Assessing population health care need using a claims-based ACG morbidity measure: a validation analysis in the Province of Manitoba

Research

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Publication Topics

Assessing population health care need using a claims-based ACG morbidity measure: a validation analysis in the Province of Manitoba

Title
Publication TypeJournal Article
Year of Publication2002
AuthorsReid RJ, Roos NP, MacWilliam L, Frohlich N, Black CD
JournalHealth services researchHealth Serv.Res.
Volume37
Issue5
Pages1345 - 1364
Date Published2002
KeywordsAdolescent, Adult, Aged, Censuses, Child, Child, Preschool, Data Collection, Diagnosis-Related Groups, Female, Health Services/utilization, Health Status, Humans, Infant, Infant, Newborn, Male, Manitoba/epidemiology, Middle Aged, Mortality, Needs Assessment/statistics & numerical data, Population Surveillance/methods, Public Health Informatics, Small-Area Analysis, Universal Coverage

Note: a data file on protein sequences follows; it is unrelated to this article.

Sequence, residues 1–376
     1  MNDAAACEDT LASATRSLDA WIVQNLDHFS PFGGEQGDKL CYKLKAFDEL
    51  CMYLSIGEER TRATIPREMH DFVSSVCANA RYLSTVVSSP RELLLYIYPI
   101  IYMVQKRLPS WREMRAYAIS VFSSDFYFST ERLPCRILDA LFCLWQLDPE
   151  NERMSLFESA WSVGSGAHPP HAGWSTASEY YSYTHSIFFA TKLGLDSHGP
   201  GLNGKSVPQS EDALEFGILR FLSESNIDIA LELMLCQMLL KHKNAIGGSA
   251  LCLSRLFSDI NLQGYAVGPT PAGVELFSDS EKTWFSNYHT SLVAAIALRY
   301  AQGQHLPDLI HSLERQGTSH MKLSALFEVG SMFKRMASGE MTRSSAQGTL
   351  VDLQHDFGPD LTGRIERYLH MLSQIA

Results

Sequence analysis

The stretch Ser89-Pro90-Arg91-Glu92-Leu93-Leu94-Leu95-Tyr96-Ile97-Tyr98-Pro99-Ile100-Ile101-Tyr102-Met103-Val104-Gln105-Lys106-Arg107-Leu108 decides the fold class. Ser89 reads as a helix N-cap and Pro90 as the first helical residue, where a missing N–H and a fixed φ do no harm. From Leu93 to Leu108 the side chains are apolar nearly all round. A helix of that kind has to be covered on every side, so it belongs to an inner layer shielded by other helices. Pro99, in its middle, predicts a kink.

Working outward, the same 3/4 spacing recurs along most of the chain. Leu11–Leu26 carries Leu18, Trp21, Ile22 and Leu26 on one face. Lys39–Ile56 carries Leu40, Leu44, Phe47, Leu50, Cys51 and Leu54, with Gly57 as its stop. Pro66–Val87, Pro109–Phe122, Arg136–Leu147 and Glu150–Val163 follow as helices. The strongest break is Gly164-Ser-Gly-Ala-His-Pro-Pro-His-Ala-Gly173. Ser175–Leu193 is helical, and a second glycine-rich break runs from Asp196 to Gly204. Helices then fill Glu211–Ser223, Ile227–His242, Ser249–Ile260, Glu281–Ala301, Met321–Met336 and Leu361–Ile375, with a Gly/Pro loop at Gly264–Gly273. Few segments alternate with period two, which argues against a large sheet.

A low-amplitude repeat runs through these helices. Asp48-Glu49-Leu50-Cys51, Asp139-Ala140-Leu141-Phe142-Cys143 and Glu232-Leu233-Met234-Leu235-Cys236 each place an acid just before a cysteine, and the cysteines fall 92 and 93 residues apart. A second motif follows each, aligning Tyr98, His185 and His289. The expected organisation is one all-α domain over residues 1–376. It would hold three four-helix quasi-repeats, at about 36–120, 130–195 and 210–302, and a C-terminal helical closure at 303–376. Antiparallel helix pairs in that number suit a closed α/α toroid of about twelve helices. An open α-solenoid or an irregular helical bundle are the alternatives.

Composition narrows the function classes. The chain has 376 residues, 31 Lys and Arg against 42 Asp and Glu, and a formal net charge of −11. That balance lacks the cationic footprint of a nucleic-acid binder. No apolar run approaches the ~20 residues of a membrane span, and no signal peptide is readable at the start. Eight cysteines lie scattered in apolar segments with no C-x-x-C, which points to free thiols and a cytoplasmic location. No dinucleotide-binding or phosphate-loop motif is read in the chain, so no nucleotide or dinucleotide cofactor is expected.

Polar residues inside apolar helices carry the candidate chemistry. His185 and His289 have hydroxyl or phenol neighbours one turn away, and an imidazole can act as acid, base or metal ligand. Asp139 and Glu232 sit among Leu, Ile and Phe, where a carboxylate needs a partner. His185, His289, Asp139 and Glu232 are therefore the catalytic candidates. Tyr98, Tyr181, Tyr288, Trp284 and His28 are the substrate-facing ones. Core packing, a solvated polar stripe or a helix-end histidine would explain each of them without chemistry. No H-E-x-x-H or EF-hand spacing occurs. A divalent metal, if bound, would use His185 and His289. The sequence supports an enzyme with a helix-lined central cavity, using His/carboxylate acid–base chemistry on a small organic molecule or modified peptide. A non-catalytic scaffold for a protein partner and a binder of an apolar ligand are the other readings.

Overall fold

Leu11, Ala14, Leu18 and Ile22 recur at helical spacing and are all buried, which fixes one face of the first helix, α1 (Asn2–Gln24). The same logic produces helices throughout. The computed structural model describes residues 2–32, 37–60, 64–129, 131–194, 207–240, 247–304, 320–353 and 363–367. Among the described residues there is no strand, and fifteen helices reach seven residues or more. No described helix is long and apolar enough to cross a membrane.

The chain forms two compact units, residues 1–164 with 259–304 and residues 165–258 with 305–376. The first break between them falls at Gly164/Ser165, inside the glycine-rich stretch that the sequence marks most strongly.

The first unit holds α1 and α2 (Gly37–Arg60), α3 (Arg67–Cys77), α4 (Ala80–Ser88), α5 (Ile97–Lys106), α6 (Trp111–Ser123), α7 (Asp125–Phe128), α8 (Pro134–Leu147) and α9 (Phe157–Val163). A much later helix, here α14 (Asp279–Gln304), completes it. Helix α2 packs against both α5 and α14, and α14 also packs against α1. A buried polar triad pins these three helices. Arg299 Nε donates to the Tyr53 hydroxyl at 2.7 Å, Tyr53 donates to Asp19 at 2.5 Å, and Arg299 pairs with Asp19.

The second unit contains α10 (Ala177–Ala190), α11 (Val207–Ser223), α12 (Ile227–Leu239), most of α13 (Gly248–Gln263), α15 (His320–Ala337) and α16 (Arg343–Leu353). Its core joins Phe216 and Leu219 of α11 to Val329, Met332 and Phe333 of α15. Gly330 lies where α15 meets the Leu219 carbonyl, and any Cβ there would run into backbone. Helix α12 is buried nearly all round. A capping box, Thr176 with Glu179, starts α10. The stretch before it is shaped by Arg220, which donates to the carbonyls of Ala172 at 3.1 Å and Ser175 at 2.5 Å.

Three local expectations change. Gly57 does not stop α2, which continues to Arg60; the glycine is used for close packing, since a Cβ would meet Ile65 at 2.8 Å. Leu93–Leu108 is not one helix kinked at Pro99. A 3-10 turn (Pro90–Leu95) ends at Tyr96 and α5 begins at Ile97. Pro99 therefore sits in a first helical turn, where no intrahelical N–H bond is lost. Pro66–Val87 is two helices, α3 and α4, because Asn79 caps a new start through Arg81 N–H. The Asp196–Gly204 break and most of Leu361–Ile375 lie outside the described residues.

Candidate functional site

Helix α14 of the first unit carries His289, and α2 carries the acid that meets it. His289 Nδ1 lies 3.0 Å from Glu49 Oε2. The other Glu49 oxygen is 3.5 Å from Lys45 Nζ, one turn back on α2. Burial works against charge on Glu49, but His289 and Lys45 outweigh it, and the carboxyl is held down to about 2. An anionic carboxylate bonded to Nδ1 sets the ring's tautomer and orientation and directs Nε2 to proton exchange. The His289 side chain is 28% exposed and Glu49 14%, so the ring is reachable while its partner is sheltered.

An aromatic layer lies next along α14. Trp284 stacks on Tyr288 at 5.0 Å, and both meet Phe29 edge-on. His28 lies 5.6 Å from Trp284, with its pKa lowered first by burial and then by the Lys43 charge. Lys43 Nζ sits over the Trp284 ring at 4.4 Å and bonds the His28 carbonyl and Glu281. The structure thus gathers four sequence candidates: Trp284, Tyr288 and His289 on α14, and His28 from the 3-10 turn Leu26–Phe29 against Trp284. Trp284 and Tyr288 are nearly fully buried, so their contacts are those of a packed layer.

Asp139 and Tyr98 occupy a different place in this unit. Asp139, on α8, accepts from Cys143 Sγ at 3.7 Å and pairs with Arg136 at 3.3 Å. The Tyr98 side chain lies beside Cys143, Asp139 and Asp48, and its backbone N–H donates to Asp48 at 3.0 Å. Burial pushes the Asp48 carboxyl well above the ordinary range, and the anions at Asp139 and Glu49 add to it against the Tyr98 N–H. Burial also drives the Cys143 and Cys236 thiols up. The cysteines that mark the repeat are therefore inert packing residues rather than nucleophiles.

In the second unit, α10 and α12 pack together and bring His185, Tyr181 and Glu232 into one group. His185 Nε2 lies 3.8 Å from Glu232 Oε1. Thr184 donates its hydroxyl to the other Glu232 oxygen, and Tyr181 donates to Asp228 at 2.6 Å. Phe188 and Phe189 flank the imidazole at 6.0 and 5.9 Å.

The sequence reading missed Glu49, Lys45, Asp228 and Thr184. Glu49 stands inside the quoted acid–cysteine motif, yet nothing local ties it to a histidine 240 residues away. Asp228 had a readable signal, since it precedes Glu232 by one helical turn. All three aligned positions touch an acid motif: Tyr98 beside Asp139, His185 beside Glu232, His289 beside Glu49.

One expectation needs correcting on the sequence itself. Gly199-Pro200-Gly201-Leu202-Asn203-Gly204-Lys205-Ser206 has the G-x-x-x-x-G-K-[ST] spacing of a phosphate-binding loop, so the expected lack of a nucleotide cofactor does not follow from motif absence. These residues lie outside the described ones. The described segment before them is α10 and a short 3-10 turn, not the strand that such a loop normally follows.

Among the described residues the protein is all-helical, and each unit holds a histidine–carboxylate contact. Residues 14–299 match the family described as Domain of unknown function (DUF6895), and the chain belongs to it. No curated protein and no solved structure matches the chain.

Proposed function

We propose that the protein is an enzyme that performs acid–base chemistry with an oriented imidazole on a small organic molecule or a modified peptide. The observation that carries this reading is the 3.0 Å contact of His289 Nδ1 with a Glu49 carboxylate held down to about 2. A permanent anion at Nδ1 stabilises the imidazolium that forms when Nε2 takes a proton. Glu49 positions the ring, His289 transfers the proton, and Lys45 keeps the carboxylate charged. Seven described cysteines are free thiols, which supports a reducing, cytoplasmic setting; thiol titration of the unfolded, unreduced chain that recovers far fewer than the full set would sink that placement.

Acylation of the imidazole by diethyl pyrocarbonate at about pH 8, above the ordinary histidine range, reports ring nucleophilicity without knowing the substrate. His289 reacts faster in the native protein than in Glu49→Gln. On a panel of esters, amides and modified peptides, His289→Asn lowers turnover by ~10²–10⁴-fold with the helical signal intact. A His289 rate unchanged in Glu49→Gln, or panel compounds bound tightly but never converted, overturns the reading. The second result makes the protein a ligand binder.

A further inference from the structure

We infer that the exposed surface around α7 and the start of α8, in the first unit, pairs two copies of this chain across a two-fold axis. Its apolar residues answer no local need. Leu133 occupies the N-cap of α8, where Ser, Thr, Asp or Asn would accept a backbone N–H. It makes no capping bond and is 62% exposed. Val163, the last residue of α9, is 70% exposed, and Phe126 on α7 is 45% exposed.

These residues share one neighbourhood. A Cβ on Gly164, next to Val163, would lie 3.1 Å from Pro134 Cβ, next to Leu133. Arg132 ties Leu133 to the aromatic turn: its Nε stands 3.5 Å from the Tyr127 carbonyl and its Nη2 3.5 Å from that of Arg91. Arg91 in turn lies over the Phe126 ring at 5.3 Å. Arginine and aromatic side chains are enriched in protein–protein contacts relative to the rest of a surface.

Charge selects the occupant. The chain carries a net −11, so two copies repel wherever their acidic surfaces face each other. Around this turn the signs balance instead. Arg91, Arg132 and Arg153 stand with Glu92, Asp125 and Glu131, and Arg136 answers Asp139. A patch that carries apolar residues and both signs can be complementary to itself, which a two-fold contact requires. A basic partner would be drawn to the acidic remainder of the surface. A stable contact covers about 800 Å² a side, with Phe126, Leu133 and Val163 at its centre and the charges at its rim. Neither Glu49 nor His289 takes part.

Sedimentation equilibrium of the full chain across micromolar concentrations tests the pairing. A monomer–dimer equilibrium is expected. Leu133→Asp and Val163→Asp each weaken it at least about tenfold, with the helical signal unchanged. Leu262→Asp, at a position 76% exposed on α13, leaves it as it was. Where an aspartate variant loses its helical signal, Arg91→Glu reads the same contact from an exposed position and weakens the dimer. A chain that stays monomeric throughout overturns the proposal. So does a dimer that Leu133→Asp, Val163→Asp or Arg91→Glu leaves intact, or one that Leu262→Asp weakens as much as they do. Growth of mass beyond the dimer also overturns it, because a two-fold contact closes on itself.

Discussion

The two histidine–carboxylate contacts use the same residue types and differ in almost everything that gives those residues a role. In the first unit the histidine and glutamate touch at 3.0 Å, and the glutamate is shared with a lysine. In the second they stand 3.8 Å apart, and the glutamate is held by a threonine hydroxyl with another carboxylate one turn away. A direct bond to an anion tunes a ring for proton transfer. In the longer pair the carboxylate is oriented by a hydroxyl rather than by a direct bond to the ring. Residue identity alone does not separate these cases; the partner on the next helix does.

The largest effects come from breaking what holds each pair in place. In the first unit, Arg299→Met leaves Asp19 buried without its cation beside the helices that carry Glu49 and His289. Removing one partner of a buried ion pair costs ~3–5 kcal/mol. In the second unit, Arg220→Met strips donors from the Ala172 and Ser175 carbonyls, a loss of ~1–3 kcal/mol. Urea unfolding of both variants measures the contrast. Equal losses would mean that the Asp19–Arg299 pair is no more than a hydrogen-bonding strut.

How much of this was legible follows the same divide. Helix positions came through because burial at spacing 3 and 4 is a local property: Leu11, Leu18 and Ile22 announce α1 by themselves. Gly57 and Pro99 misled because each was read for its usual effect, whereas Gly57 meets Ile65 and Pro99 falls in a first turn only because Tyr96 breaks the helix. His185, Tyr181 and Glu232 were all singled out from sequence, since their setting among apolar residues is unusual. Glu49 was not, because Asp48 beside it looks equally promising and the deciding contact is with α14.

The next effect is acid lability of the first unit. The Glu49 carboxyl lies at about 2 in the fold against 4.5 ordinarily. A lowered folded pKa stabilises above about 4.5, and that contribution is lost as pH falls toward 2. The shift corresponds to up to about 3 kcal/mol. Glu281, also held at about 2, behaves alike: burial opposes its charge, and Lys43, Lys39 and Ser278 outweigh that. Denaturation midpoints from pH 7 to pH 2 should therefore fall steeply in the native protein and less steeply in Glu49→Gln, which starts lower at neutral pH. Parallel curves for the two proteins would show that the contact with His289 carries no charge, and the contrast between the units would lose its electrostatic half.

AbstractOBJECTIVES: To assess the ability of an Adjusted Clinical Group (ACG)-based morbidity measure to assess the overall health service needs of populations. Data Sources/Study Setting. Three population-based secondary data sources: registration and health service utilization data from fiscal year 1995-1996; mortality data from vital statistics reports from 1996-1999; and Canadian census data. The study included all continuously enrolled residents in the universal health care plan in Manitoba. STUDY DESIGN: Using 60 small geographic areas as the units of analysis, we compared a population-based "ACG morbidity index," derived from individual ACG assignments in fiscal year 1995-1996, with the standardized mortality ratio (ages < 75 years) for 1996-1999. Key variables included a population-based socioeconomic status measure and age- and sex-standardized physician utilization ratios. DATA EXTRACTION METHODS: The ACGs were assigned based on the complement of diagnoses assigned to persons on physician claims and hospital separation abstracts. The ACG index was created by weighting the ACGs using average health care expenditures. PRINCIPAL FINDINGS: The ACG morbidity index had a strong positive linear relationship with the subsequent rate of premature death in the small areas of Manitoba. The ACG index was able to explain the majority of the relationships between mortality and both socioeconomic status and physician utilization. CONCLUSIONS: In Manitoba, ACGs are closely related to premature mortality, commonly accepted as the best single indicator for health service need in populations. Issues in applying ACGs in settings where needs adjustment is a primary objective are discussed.
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